the simple solution ... buy 4 parker pumpers and get them ducted to blow on the the shock bodies, ideally 4" below the reservoir hose. pick one of the 2 or 3 competent proven u4 tuners and give them some money. oh and tune where you race, simple as that. if you want some recommendations drop me a PM. im curious to know what valving is in your shocks now. if you plan on farting around with it yourself its simple - compression good, rebound bad, if the tires arent on the ground they arent moving you forward
2.0 kings are a terrible shock. the 5/8" post, shim sizing and piston design make for a poor flowing shock. as mentioned fox is a better shock, flows better, better piston design, better materials and all that stuff for all shocks but more importantly in the 2.0 coilover flavor.
so what are you racing in the future if the truck is only doing one more KOH?
.850 x .010
1.00 x .010
1.148 x .010
1.298 x .010
1.450 x .012
1.450 x .010
.848 x .008 fulcrum
1.298 x .015
1.148 x .015
1.00 x .015
.851 x .015
It’s unknown the valving in the rear prior to this change we did in the field. I see many problems with it and it explains what went wrong during our tuning session. His idea of shock tuning is more cowbell errr I mean spring rate. Front valving as posted, 275 14”/300 16” and he wanted more spring yet. He also changed the rear to what I posted above. I’d have to look back to see how heavy the rear springs were. The truck would violently unload/tailslap after a series of whoops in a few hundred feet as a result of these changes (for the worse) He turned ghost white and bailed on me once the truck went to absolute shit. Springs in conjunction with this valve combo makes it obvious the violent handling. The correct and lighter springs negated the unpredictable tail slaps/staring at the ground in a panic hoping the ass comes back to earth. However we still struggled with packing during KOH.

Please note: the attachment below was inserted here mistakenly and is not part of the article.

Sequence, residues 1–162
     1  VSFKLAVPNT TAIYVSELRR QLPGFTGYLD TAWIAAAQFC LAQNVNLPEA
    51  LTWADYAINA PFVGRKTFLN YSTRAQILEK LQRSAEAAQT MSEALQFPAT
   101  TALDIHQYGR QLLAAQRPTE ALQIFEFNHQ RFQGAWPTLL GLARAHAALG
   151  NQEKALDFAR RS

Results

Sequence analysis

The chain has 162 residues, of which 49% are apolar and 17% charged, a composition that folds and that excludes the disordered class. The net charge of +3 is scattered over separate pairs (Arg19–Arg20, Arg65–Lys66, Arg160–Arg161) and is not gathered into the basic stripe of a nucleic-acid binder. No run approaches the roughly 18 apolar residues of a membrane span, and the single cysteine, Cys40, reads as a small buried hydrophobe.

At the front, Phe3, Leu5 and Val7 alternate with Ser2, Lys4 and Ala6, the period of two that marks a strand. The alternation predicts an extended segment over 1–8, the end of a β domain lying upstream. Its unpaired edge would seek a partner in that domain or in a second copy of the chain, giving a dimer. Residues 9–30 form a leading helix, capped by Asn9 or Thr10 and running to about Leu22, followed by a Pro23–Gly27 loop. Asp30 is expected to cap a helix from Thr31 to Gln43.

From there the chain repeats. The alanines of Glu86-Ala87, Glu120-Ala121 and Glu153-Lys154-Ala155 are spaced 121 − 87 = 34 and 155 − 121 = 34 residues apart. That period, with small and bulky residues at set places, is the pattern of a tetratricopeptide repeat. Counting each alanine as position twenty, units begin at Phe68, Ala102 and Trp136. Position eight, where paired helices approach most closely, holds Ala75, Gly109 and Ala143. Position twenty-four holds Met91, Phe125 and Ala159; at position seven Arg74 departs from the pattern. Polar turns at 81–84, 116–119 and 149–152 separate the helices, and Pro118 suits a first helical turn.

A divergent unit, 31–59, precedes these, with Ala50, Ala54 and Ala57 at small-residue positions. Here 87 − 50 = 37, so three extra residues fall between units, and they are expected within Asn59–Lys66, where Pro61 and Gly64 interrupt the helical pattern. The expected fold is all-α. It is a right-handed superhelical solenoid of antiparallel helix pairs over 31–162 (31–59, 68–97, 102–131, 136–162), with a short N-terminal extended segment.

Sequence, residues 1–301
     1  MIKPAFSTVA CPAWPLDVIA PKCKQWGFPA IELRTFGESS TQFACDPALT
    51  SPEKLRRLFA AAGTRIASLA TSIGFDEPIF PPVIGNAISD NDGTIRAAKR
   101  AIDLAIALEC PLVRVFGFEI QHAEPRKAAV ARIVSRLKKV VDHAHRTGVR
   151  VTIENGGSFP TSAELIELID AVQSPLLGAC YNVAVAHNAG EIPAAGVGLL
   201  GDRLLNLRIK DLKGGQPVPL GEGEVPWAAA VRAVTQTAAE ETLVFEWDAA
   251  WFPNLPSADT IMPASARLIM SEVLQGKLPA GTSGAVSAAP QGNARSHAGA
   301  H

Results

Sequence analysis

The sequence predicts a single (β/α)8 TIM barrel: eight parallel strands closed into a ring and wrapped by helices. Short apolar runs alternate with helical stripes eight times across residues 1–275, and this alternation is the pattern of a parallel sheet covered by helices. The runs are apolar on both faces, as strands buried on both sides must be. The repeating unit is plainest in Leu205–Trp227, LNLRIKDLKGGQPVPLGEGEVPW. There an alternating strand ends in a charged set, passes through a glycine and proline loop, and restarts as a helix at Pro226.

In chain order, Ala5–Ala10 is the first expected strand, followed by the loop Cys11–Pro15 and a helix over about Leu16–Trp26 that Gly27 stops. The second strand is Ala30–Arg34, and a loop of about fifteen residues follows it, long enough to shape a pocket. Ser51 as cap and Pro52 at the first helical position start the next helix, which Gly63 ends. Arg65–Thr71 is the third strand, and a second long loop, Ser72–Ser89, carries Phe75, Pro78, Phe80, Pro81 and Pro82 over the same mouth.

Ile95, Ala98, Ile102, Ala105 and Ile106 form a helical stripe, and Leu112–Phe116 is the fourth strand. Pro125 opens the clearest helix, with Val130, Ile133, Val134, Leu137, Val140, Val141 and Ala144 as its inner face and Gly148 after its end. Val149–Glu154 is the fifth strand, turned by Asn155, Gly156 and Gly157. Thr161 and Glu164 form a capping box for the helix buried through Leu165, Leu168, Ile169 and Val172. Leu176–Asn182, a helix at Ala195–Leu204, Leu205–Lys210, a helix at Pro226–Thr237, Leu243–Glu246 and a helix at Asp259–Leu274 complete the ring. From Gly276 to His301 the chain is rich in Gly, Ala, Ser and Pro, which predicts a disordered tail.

I’ll get some .008 for rebound and some .015 and .020 for compression. Avoid the flutter or build a better profile? I’ll rebuild/upgrade the seals, get some fresh oil, adjust volume if necessary if 700cc is incorrect and start at 200psi and see what this thing will do.
yes i am serious. air on the shock body will keep them from fading as fast, its a trick i learn from a very successful jeepspeed team.
shims look fine, the coating wears away from use. as long as nothing is cracked, run em. you can replace them if you want, but its gets pricey at $4 a pop.
never measured oil, so no help there. the oil looks like king with piston particulates floating around. let it sit for a couple of days and it should clear up some with a nice mess on the bottom. king doesnt do a surface finish on their piston so they break down. check the ports and im betting there is signs of cavitation and material missing.
as for the valving ... on a rock donkey you need .008 on rebound, end of story. that will make a big difference in ride quality. i am not a believer in the single shim flutter and that cover shim is too thin. i stand by my previous recommendation as a starting point for shims and you need to get the spring rates right.